This story first appeared in The Hollywood Reporter's second annual Watch Issue.
Jeanne Yang received her first Rolex at 14. But it wasn't because she was wealthy. Quite the opposite. "My mom worked three jobs when I was little," she says. "We lived in a garage, and I slept in a drawer." Now a top stylist who designs with Katie Holmes the chicly tailored Holmes & Yang label -- recently worn by Rihanna and Katy Perry -- Yang learned as a teenager the iconic significance of watches. "Like a lot of immigrants, my mom bought a nice watch once she had enough money. It showed she had made it -- she had accomplished the American dream."
Yang, a first-generation Korean-American who grew up in L.A., recalls receiving that Rolex, an Oyster Perpetual Datejust, just before catching a flight at LAX to attend boarding school in Massachusetts. "My mom said, 'This is my most prized possession. You'll be in classes with billionaires, and I don't want anyone treating you poorly.' " Yang understood the object's power when "the one cool girl in school, who wore Versace, said she had the same watch as me."
Yang -- whose past includes stints as an editor and publisher at Detour magazine and as a stylist for cover shoots at GQ and InStyle -- went on to stylist stardom, creating a timeless chic with a hint of edge for such clients as Christian Bale, Henry Cavill and Evangeline Lilly.
When it comes to watches, the appeal runs contrary to fashion's ins and outs. "All of my timepieces are about a particular time in my life that I want to remember forever," she says.
Her clients are acutely aware of that. When Robert Downey Jr. won a supporting actor Golden Globe in 2010 for Sherlock Holmes, he held up the statuette, exposing the Harry Winston watch that Yang not only secured but also made space for by altering his shirt for more cuff room.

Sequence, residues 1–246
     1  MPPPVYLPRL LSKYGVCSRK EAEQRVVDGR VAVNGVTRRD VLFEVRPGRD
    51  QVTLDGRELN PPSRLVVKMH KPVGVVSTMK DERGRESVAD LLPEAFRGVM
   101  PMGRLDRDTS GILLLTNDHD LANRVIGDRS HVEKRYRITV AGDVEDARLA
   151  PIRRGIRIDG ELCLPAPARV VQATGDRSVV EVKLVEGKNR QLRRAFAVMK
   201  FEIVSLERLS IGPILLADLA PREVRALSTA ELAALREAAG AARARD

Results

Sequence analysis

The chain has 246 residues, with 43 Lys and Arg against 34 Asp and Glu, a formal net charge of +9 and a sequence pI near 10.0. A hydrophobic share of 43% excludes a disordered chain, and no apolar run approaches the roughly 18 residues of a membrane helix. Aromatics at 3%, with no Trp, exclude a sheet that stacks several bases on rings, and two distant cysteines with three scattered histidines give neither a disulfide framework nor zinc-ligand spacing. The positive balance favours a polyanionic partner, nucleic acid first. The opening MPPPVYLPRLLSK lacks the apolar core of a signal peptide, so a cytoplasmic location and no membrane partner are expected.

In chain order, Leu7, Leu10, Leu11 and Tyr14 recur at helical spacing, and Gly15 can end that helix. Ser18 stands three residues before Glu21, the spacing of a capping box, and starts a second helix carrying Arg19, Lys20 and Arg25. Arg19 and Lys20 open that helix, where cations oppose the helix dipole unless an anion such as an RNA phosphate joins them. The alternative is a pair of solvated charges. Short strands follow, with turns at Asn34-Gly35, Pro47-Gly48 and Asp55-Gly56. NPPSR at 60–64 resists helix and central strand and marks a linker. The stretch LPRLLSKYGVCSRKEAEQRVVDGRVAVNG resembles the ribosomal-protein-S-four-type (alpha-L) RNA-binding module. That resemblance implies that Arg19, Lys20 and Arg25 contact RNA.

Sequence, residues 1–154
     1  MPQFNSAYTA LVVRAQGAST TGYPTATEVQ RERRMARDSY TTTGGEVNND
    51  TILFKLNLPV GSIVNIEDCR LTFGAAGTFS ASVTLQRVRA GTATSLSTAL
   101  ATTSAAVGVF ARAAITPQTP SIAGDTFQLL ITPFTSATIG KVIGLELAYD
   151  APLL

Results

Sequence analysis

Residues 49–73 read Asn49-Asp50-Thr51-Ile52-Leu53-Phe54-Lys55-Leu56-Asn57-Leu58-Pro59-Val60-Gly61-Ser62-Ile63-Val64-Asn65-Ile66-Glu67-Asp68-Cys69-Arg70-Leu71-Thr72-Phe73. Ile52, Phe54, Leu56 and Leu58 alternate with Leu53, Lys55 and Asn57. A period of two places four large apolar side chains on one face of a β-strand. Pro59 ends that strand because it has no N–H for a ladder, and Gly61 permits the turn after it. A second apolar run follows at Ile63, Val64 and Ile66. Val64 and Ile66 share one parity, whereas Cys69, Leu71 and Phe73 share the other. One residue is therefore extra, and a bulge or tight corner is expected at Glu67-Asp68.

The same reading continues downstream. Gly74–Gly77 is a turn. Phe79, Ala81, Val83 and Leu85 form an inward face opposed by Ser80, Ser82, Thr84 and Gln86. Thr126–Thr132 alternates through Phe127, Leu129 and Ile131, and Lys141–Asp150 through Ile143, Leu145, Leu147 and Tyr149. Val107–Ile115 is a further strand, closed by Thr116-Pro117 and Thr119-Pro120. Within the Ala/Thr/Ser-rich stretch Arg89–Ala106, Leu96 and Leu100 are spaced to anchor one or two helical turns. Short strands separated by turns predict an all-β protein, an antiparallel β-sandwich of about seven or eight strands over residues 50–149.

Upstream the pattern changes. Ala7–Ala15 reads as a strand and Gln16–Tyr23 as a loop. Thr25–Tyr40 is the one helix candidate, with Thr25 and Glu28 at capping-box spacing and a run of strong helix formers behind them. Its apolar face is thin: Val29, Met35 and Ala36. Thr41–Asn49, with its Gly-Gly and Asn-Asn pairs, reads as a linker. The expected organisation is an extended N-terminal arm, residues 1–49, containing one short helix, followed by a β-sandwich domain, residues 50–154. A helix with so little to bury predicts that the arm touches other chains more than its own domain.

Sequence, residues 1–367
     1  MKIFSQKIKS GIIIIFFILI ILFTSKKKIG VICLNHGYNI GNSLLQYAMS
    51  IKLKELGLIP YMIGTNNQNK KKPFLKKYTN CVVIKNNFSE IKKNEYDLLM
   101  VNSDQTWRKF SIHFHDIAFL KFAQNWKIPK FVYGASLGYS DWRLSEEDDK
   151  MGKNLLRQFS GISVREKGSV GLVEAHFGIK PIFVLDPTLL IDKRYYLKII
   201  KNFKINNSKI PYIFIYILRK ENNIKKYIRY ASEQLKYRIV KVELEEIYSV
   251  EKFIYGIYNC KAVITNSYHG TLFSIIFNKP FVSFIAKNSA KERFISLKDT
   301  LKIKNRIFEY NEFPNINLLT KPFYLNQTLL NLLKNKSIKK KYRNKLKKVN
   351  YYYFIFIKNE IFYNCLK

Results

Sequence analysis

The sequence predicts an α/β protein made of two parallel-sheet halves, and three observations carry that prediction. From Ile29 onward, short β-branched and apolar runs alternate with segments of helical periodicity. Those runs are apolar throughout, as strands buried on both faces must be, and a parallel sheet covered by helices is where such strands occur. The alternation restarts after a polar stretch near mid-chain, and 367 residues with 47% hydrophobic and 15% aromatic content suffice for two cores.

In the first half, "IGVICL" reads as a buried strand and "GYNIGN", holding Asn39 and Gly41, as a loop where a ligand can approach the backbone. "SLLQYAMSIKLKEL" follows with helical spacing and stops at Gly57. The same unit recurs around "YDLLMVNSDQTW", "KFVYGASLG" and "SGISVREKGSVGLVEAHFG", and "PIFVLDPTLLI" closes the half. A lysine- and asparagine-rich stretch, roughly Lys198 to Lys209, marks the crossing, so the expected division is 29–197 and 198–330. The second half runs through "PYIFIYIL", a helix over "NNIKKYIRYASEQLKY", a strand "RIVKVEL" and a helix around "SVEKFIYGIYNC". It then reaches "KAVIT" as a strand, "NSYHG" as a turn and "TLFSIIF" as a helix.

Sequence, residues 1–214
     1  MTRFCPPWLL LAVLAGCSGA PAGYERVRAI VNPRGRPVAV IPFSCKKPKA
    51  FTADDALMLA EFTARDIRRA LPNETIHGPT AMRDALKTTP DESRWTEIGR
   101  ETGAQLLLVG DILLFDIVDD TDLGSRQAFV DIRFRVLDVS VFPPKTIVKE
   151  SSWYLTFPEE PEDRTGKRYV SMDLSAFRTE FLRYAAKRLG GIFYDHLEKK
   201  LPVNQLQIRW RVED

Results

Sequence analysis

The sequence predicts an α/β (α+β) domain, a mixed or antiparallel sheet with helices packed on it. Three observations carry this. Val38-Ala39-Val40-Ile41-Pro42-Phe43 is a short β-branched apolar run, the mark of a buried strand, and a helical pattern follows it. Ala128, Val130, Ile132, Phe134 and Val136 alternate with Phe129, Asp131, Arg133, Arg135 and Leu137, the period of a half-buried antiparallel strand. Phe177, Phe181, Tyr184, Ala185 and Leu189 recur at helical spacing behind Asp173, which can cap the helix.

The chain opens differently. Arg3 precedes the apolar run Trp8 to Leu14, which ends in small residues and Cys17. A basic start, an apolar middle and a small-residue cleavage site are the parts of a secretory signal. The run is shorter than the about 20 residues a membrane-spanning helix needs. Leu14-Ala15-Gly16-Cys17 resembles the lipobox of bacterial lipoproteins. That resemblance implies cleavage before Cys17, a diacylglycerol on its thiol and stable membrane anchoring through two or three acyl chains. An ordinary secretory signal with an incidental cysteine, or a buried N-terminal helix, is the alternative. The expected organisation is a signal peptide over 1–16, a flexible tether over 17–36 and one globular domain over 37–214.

Yang's husband didn't know it, but when he presented his then-fiancee with a Cartier Tank for Christmas during the '90s, he earned major points from Yang's mother. "In Korean culture, one of the big things you do when you get engaged is to exchange watches," says Yang. "My mom said, 'This guy's OK!' " When Yang opened the scarlet box under the tree, he said, "Whenever you look at it, I want you to think of me." He chose wisely. The frills-free Cartier is in keeping with her personal predilection for menswear.
Which is not to say she doesn't love the occasional bling. Brought out from the safe for special occasions is an unusual Patek Philippe, another gift from her mother. Bought in Switzerland, it features a square, black opal dial bordered by diamonds. Even more ostentatious is a Rolex Daytona, a chunky chronograph customized by her brother, jeweler-to-the-stars Ben Baller. "He likes to throw on diamonds and change out the bezel. It weighs 4 or 5 pounds. It's the perfect thing to work out with!"
If there's a diametric opposite to that pricey piece -- but of equal value in Yang's eyes -- it's a lightweight, slightly tarnished octagonal watch with the brand name San Marino. "When I was about 20, I had an opportunity to visit North Korea -- via Austria and Russia, using a fake passport! -- and I got to meet my grandmother. She didn't have a lot of belongings, but she wanted to give me something. She said, 'I'm an old lady, and I don't have a schedule to keep. So I want you to have this watch that your father gave me.' "
While that heirloom is destined one day to become the possession of one of Yang's twin daughters, these days her everyday watches are by IWC. She toggles between a black-faced Portuguese with a rose gold case and an Ingenieur, in stainless steel, with a white face. Both were gifts from clients. "Watches are a very personal gift. You're giving something that someone will wear, maybe even every day. So it's very meaningful to give them or receive them as a gift."